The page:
In 2016, I had the good fortune to meet up IRL with @carrieseltzer @judygva @nhmordenana @loarie @kueda @sapito @katja @greglasley @jcabbott @kendrakabbott @briangratwicke @naturelady @congonaturalist @mattluizza @stsang @katzyna @maryeford @alexshepard @joelle @jackcamino and of course @aamuir who deserves credit for spotting most of the things we saw together. And a huge THANK YOU to @jakob @greglasley @aguilita @borisb @john8 @kevinhintsa @nlblock @maractwin @johnnybirder and @gcwarbler who were the top 10 identifiers to my observations. And another thank you to @joelle who (I think) was behind my favorite new thing about iNat in 2016 -- the revamped Observations page. Happy New Year everybody!

2017 Goals

  • SE Arizona, August w/ @finatic @jaykeller et al
  • Sumatra
  • Central African Republic
  • Dolly Sods Wilderness, WV
  • Ophiogomphus, Lanthus vernalis, more new odes
  • Learning a new way to contribute to iNat
由使用者 muir muir2017年01月13日 04:14 所貼文 | 15 評論 | 留下評論


Dragonfly Society of the Americas 2017 Annual Meeting 9 - 11 June 2017

Is anyone else interested in going? Meeting will be held in Staunton VA with field trips to a sinkhole complex at the foothills of the Blue Ridge Mountains and sites within the George Washington National Forest. There's also a 2-day pre-meeting trip from Richmond to Staunton, and a post-meeting trip to higher ground near the WV border. I believe @pbedell is one of the organizers.

I've never been to a DSA meeting before, so I don't really know what to expect, but I'm interested in the talks and field trips before and during meeting (I'm less likely able to participate in the post-meeting field trip). I will likely have seats available in the car if people are interested in carpooling from DC area.


由使用者 muir muir2017年01月19日 13:50 所貼文 | 17 評論 | 留下評論


Predicting species observations on iNat

One of my 2017 goals is to learn a new way to contribute to iNat. I don't know if this venture will achieve that aim, but I would like to try.

I do iNaturalist entirely for fun, but I'm an ecologist by training and work in wildlife conservation, so my orientation is to think about when and where species occur, and how that information could be applied or converted into useful metrics. I'm weird that way! Here's some wonky questions that I think about:

-- How could you calculate the probability that an iNat observation will be recorded for a particular species during a visit to a particular place? During a particular month?
-- What predictive value might an observation probability have? How could you define predictive value?
-- How might the predictive value differ along a gradient of common to rarely observed species? Along a gradient of frequently to rarely visited places?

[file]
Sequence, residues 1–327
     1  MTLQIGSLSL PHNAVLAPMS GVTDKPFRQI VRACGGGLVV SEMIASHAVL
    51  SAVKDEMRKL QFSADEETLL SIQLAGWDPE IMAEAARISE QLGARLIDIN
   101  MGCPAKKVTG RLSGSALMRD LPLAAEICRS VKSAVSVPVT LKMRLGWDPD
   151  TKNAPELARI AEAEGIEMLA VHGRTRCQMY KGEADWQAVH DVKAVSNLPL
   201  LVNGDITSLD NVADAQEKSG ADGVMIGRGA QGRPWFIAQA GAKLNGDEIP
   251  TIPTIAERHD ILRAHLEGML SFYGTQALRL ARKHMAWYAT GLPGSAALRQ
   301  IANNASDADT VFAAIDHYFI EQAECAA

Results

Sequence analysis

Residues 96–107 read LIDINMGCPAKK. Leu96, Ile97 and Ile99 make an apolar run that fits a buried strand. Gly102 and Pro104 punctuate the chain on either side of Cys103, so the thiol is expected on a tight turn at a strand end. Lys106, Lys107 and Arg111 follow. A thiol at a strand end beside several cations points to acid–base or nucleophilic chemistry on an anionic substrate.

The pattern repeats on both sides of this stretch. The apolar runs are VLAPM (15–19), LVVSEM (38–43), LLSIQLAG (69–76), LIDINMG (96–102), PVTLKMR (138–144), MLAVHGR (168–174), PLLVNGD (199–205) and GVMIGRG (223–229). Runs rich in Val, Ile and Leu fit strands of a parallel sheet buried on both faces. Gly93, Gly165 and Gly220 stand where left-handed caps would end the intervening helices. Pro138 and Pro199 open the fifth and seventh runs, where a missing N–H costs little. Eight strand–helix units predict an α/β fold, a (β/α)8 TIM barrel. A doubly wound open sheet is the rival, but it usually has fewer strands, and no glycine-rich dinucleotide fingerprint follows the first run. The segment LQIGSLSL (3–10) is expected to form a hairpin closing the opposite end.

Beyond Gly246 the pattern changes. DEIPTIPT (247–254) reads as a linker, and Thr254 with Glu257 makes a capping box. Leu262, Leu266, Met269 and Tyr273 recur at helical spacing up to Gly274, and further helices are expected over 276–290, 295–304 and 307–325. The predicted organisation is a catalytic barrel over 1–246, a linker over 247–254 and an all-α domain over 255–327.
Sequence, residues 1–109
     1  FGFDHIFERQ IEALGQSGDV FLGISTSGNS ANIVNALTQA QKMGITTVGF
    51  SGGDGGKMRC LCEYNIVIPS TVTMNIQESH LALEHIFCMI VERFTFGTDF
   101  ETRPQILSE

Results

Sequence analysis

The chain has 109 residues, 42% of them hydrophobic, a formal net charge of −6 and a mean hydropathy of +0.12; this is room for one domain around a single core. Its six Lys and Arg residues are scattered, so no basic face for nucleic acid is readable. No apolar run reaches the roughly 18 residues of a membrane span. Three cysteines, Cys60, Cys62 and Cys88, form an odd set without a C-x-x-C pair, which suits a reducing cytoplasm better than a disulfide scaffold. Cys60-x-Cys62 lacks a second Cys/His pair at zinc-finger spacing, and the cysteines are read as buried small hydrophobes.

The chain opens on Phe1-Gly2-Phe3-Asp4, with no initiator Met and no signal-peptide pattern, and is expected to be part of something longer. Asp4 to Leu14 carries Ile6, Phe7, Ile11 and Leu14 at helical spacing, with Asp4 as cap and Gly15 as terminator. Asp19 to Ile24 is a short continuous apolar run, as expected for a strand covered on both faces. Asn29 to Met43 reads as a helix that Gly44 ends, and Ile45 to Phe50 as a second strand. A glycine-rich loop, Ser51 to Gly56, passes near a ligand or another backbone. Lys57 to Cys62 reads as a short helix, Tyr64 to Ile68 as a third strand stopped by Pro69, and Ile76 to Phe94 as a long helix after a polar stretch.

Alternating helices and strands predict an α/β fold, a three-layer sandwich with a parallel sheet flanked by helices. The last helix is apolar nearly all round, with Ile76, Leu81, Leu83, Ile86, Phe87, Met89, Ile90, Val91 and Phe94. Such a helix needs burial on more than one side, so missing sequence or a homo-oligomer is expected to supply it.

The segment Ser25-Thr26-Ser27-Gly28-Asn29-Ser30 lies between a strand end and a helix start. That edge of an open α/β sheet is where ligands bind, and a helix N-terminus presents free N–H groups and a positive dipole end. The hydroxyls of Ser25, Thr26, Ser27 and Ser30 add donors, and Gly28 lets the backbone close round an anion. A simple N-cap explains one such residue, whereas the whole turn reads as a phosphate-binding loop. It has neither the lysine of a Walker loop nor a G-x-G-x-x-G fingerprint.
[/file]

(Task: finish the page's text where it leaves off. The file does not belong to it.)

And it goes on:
-- What is the minimum number of iNat observations necessary to calculate a probability with sufficient predictive value? The minimum number of iNat users?
-- How does species presence relate to species detection relate to species iNat observation?
-- How does the profile of an individual iNat user's activity change the observation probability? What are some of the reasons why an iNat user might detect a species but not make an iNat observation?
-- How could you calculate the probability of an iNat observation in a place where a species has not been observed yet?
-- How could existing range maps improve the calculation of species probabilities? Maps of habitat, ecosystem, and other bio-physical and human footprint features?
-- How could you generate a range map based on iNat observations and observation probabilities?
-- How could you use probability of species observations to incentivize iNat users to go outside? To incentivize visits to particular places? To look for particular species at particular times?
-- So what? Outside of iNat, how might this information actually be used by people interested in nature, science, philanthropy, and conservation?

If history is any guide, Scott @loarie or someone else will gently tell me that this feature is already under development, or some other group or entire discipline of scientists is already pursuing these questions. And at least in the latter case, that's absolutely correct! There is a LOT of literature and experts on species detection probabilities, species distribution models, and using Bayesian probability statistics to map where species occur. (Experts that include our very own Scott and probably several others on here!) So, acknowledging up front that I'm out of my depth and at high risk of looking foolish, I am putting my belief out there for your scrutiny that pursuing these questions in the context of iNaturalist would add substantial value to existing iNat activity and has the potential to make a novel contribution.

So, is anyone else curious about this stuff?

[images: Southern Leopard Frog (Lithobates sphenocephalus) and Rabid Wolf Spider (Rabidosa rabida) observed in McKinney Roughs Nature Park, TX; Locust Borer Beetle (Megacyllene robiniae) in Sky Meadows State Park, VA]

由使用者 muir muir2017年01月28日 02:22 所貼文 | 4 評論 | 留下評論